Metro-East News

Social worker died from stress over racial complaint against superintendent, lawyer says

Child’s love of fashion inspires nonprofit to help children in crisis

Yvette Hicks, a social worker at High Mount School in Swansea, is opening nonprofit YaYa’s House of Fashion that will combine her granddaughter's love of fashion and Hicks’ passion for helping children. In the near future, it will offer free cloth
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Yvette Hicks, a social worker at High Mount School in Swansea, is opening nonprofit YaYa’s House of Fashion that will combine her granddaughter's love of fashion and Hicks’ passion for helping children. In the near future, it will offer free cloth

The beginning of this school year at High Mount School was particularly stressful for social worker Yvette Hicks.

She told a friend on the phone Friday night that she felt ostracized and stressed after making a racial discrimination complaint to the school board about Superintendent Mark Halwachs. In May, Hicks filed a complaint to the school board, stating Halwachs didn’t want black children photographed for a newspaper story about school resource officers.

During that conversation, her attorney said, she collapsed from a stroke that would take her life.

“I must honestly say it feels great to be back with my students. I missed them and they missed me. These kids are amazing,” Hicks wrote on her Facebook page Friday morning. “They keep me trying to be the best me that I can be. Being an educator is about growth. Best job ever!!!”

Hours later, Hicks was in Barnes-Jewish Hospital in St. Louis fighting for her life. She died Tuesday morning.

Hicks worked as a social worker at High Mount School for 18 years, said Jason Caraway, Hicks’ attorney. For years, she was the only African-American employee in the district, Caraway said. The district is composed of 35 percent minority students.

On May 1, Hicks was among a group who met to prepare for a Belleville News-Democrat story about school resource officers. Halwachs, in the presence of School Resource Officer and Swansea Police Officer Cheryl Venorsky, Principal George Wilkerson and Hicks, allegedly said he didn’t want the BND photographer to take pictures of “black kids” for the story.

During a phone conversation with Halwachs on Wednesday, a BND reporter asked whether he made that statement. Halwachs replied, “No, I did not.”

Venorsky referred questions to her boss, Swansea Police Chief Steve Johnson, who declined to comment.

Wilkerson declined to comment. “You will have to talk to Mr. Halwachs about that,” he said when contacted by a reporter, then hung up.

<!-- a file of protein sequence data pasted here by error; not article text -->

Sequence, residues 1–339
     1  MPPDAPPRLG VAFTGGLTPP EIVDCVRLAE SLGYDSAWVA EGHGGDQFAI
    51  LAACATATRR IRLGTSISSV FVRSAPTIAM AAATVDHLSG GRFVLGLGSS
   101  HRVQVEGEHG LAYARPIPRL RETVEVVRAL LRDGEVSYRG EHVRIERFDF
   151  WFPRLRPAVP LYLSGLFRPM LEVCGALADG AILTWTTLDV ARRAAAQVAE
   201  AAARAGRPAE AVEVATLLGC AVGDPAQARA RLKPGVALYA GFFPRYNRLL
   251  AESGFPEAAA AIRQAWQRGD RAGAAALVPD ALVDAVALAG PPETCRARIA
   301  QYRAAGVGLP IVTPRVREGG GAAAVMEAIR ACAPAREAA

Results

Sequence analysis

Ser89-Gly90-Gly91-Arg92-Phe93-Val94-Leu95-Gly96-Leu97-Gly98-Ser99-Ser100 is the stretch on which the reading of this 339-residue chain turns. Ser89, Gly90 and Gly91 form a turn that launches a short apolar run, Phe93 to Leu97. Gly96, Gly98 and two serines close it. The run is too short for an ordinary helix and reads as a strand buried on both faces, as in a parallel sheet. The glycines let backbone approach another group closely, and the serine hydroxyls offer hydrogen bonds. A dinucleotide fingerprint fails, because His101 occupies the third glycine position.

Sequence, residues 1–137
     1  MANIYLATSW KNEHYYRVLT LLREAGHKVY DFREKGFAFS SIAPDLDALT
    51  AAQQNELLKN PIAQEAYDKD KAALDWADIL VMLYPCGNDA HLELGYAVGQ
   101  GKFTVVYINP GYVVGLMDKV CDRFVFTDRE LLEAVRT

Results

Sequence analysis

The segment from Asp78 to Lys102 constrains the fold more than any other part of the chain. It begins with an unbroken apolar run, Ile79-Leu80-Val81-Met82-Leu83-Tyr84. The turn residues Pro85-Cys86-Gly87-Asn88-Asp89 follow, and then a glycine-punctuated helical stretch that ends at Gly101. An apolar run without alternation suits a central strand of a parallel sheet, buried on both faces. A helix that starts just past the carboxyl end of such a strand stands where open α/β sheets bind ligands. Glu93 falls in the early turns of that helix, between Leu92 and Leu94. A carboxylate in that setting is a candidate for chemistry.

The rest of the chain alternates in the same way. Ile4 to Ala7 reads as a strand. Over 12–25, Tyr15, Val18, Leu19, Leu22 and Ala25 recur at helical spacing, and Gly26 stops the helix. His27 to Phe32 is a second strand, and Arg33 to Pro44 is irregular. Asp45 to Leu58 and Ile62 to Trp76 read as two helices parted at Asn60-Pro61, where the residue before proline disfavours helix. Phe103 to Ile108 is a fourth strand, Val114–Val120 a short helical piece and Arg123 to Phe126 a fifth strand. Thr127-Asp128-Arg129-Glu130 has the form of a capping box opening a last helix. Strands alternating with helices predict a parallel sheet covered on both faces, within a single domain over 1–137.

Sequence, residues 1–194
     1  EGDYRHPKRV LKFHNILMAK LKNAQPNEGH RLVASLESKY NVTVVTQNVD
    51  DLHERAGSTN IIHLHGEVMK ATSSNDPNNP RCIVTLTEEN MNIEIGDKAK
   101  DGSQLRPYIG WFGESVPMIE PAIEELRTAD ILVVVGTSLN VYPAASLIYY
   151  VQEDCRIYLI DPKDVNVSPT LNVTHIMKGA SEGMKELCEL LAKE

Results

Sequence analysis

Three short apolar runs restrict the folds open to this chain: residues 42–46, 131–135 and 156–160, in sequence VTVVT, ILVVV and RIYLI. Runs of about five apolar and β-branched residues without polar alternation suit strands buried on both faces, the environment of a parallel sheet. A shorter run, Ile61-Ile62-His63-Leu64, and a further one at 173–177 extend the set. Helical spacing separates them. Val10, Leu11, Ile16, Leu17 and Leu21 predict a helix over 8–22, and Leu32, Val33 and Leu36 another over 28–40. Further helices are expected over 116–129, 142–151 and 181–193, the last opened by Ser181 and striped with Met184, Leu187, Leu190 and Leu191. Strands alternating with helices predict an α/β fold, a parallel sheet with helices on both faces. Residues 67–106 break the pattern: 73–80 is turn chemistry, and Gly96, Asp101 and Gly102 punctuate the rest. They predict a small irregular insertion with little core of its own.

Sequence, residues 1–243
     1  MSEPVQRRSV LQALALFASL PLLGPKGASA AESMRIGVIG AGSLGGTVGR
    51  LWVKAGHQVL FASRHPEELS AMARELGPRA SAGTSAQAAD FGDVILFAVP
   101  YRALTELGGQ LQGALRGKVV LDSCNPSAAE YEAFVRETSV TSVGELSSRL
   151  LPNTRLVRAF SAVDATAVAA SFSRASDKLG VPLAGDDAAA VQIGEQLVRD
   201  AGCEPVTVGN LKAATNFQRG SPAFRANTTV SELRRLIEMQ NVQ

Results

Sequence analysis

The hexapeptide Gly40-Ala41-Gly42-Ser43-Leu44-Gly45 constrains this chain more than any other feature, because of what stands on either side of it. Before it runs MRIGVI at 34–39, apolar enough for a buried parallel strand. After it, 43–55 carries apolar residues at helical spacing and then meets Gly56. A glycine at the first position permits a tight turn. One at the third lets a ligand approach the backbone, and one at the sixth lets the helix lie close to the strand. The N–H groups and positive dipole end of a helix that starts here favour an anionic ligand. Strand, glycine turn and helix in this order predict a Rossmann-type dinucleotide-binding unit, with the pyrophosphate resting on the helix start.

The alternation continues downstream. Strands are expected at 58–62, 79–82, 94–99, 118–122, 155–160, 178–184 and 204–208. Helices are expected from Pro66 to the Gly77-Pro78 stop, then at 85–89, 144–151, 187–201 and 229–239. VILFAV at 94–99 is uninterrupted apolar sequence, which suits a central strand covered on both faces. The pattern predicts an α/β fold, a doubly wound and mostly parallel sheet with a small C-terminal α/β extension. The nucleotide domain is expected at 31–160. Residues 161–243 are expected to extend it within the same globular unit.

During an investigation of Hicks’ complaint by School Board President Debra Wolf, Hicks was interviewed a second time on Aug. 7, just days before school resumed this year. Caraway and Illinois Teachers Federation representative Lana Turley attended that interview and both claimed that Wolf told them Halwachs did not deny making the statement.

Brian Flynn, who was hired as the school district’s attorney Monday night, said Wednesday that he instructed the board members not to comment because it was a “personnel issue.”

The pictures that accompanied the story did have photographs of black children who attended High Mount School. Derek Holtmann, the photographer who took the photos, said Venorsky accompanied him and reporter Lexi Cortes, but no one gave them instructions regarding who was to be photographed for the story.

“There has been no explanation or excuse given to the union or Ms. Hicks for this statement. In fact, the superintendent has admitted to the statement,” Caraway said.

Results of the school board’s investigation into the racial discrimination were complicated because Halwachs is the non-discrimination coordinator for the district. Wilkerson, the principal, is the complaint manager.

Wolf was named to head the investigation that continued through the summer. The results were expected to be released during a school board meeting on Monday night, but the issue was not on the agenda.

“When this issue is resolved, there won’t be anything to talk about,” Halwachs told the BND.

Caraway said Tuesday that he intends to file a complaint with the Illinois Board of Education, alleging disparate Title 1 funding and other allegations of racial inequality at the school.

“We believe that this is systemic racism from the top down at this district,” Caraway said.

“My record in public education for that past 28 years speaks for itself,” Halwachs said.

A year to the day of Hick’s death, the BND posted a story about Hicks, who created a store to donate clothes to kids in crisis. The store, in Fairview Heights, is named for Hicks’ grandaughter, Anaya, who died from a heart condition when she was 6.

Hicks also started the High Mount Bully Blocker program to prevent school bullying.

Results of the racial discrimination investigation are expected to be released on Monday night at a special school board meeting.

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